Anita Fuentes interviews professor Margaret Cerullo, a professor of Sociology and Feminist Studies at Hampshire College and a member of the Lightning Collective, which put together the book “Zapatista Stories for Dreaming An-Other World by Subcomandante Marcos.”
In this gorgeous collection of allegorical stories, Subcomandante Marcos, idiosyncratic spokesperson of the Zapatistas, has provided “an accidental archive” of a revolutionary group’s struggle against neoliberalism. For thirty years, the Zapatistas have influenced and inspired movements worldwide, showing that another world is possible. They have infused left politics with a distinct imaginary—and an imaginative, literary, or poetic dimension—organizing horizontally, outside and against the state, and with a profound respect for difference as a source of political insight, not division. With commentaries that illuminate their historical, political, and literary contexts and an introduction by the translators, this timeless, elegiac volume is perfect for lovers of literature and lovers of revolution.
For the video interview, click here.
For the Security in Context podcast episode associated with this interview, click here.
Anita Fuentes: Today I have the pleasure to talk to Margaret Cerullo, a professor of sociology at Hampshire College and a member of the Lightning Collective, or Colectivo Relámpago, a translators’ collective of Zapatista solidarity activists based in Amherst, Massachusetts, which recently published the book “Zapatista Stories for Dreaming An-Other World by Subcomandante Marcos.”
Margaret Cerullo: And I'm very happy to be here with you.
Anita Fuentes: I’d like to start by asking you about the book. What is the book about and what motivated its release?
Margaret Cerullo: Well, here's the book. It's a collection of twelve Zapatista stories that were gathered in 2010 by a group of Argentine solidarity activists working with Zapatista secondary school students. And they produced a beautifully illustrated volume called Los otros cuentos (the other stories) that was produced in a recovered factory in Argentina. And this is how long ago it was. It was accompanied by a CD where the stories were read by well-known figures in Argentina; one of the mothers of Plaza de Mayo... And we formed our collective to produce a rapid translation of those stories and that's why we called ourselves “Lightning Collective.” And, again, it was a solidarity project. It turned out that our name was ironic because it took us twelve years to produce the book. Why? Because we began to investigate the context of each one of the stories, and that made them infinitely more interesting to us as we discovered the way in which each one of them, though extremely poetic and really... they can certainly stand on their own, they were also political interventions. And that's what we wanted to capture with our commentaries. And, as I said, they're very layered so we were always discovering something new. And then the collective grew, and shrank, and grew... And I think we didn't want it to end. So we kept inventing new things that we should investigate.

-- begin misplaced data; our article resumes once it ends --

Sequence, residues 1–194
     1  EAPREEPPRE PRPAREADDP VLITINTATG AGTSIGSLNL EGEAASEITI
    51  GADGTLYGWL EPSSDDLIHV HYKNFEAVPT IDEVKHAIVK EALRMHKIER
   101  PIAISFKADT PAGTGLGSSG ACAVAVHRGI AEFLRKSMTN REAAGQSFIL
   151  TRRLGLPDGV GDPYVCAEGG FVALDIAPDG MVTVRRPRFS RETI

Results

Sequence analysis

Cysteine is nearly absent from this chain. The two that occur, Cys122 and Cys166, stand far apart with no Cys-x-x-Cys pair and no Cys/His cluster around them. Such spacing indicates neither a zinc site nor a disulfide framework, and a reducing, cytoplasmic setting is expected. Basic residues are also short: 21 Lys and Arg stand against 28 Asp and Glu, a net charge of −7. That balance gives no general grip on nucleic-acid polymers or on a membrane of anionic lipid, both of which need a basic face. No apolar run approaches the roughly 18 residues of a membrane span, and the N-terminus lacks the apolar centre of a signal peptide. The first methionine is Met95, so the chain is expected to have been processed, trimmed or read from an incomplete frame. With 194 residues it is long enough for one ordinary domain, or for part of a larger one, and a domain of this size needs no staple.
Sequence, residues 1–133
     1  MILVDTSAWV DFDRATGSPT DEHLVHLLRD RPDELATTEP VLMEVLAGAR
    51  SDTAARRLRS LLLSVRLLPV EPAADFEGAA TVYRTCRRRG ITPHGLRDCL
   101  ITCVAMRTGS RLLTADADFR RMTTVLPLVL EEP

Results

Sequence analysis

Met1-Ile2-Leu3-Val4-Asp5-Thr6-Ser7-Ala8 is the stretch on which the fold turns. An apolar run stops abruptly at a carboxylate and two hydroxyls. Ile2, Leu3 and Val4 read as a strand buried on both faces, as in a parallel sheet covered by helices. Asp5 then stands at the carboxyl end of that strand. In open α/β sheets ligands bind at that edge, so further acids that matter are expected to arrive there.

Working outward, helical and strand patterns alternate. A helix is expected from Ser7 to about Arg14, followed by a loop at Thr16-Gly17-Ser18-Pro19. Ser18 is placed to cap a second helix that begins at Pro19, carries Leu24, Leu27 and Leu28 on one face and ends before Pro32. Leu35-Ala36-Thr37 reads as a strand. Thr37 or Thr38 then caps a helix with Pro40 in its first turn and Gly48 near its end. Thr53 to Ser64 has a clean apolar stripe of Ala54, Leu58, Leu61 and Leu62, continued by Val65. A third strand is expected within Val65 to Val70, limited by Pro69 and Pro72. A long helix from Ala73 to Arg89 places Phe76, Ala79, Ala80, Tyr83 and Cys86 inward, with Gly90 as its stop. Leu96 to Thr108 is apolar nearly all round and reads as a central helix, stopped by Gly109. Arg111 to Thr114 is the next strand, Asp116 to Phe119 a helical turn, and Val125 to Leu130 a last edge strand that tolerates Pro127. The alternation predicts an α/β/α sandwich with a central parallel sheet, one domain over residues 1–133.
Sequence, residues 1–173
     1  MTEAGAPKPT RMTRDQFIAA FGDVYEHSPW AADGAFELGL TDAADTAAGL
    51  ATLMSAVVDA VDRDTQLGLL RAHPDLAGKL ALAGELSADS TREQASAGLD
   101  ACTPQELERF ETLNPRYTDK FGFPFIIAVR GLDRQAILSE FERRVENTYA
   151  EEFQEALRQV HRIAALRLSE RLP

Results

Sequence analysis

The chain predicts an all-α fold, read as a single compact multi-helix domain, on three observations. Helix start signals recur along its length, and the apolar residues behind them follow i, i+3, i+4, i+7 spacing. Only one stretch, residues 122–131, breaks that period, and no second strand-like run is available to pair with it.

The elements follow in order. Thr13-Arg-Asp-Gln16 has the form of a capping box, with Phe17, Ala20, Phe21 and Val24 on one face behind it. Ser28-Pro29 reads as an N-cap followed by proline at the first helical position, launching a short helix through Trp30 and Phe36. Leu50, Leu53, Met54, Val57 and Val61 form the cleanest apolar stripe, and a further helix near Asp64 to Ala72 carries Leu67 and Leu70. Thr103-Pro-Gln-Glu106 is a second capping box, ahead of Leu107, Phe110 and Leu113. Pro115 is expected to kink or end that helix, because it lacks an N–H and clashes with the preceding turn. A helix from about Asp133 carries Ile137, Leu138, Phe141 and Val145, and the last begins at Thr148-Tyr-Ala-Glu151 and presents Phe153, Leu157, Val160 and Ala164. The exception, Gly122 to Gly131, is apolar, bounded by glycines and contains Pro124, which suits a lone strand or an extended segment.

The book came out last year and it turned out to be timely. We worried about whether it would be useful at all after so much time, and it turned out that in 2021, in the midst of the pandemic, in what seemed like a fit of madness, the Zapatistas decided to launch the first leg of a five-continent expedition and set off for Europe in 2021, five hundred years after the conquistadores had left Madrid for Chiapas to reverse the conquest. In fact, there's a film about the European voyage that is just being released in Mexico called La montaña (Diego Enrique Osorno, 2023). So everybody should have a look at it.
Anyway, so it just turned out that in 2021 the Zapatistas were again in the news. In the news of the alternative media, at least, of the left and progressive forces. So people were again asking: “Who are the Zapatistas?” Or if they had known of them: “They're still alive almost thirty years after the uprising of 1994?” So the book entered, ironically, as I said, in a very good moment. So that's the story of Zapatista Stories for Dreaming An-Other World.
Anita Fuentes: In your view, what sets Zapatismo apart from other revolutionary political movements, both in terms of their philosophy and their way of organizing? I’m interested in concepts such as: “encuentros,” “caminar preguntando,” and engaging or learning “from below and to the left.”
Margaret Cerullo: Well, I think you yourself called attention to some of the key Zapatista notions “caminar preguntando,” which is “we walk by asking questions,” and the notion of the “encuentro,” or encounter-dialogue. As well as learning from and listening to those “from below and to the left.” So I'll address each of those three core Zapatista ideas or principles. The first is this wonderful notion of “caminar preguntando,” we walk by asking questions; what that means is that the shape of the struggle, its demands, its goals, are not and cannot be and must not be set in advance, but they have to be shaped by those that one encounters in struggle along the way. So that's the idea of “caminar preguntando,” we advance by asking questions. I think that approach undermines a lot of the rigidity of traditional, sort of revolutionary movements, which thought they knew what the goal was, what the destination was, and pretty much how to get there.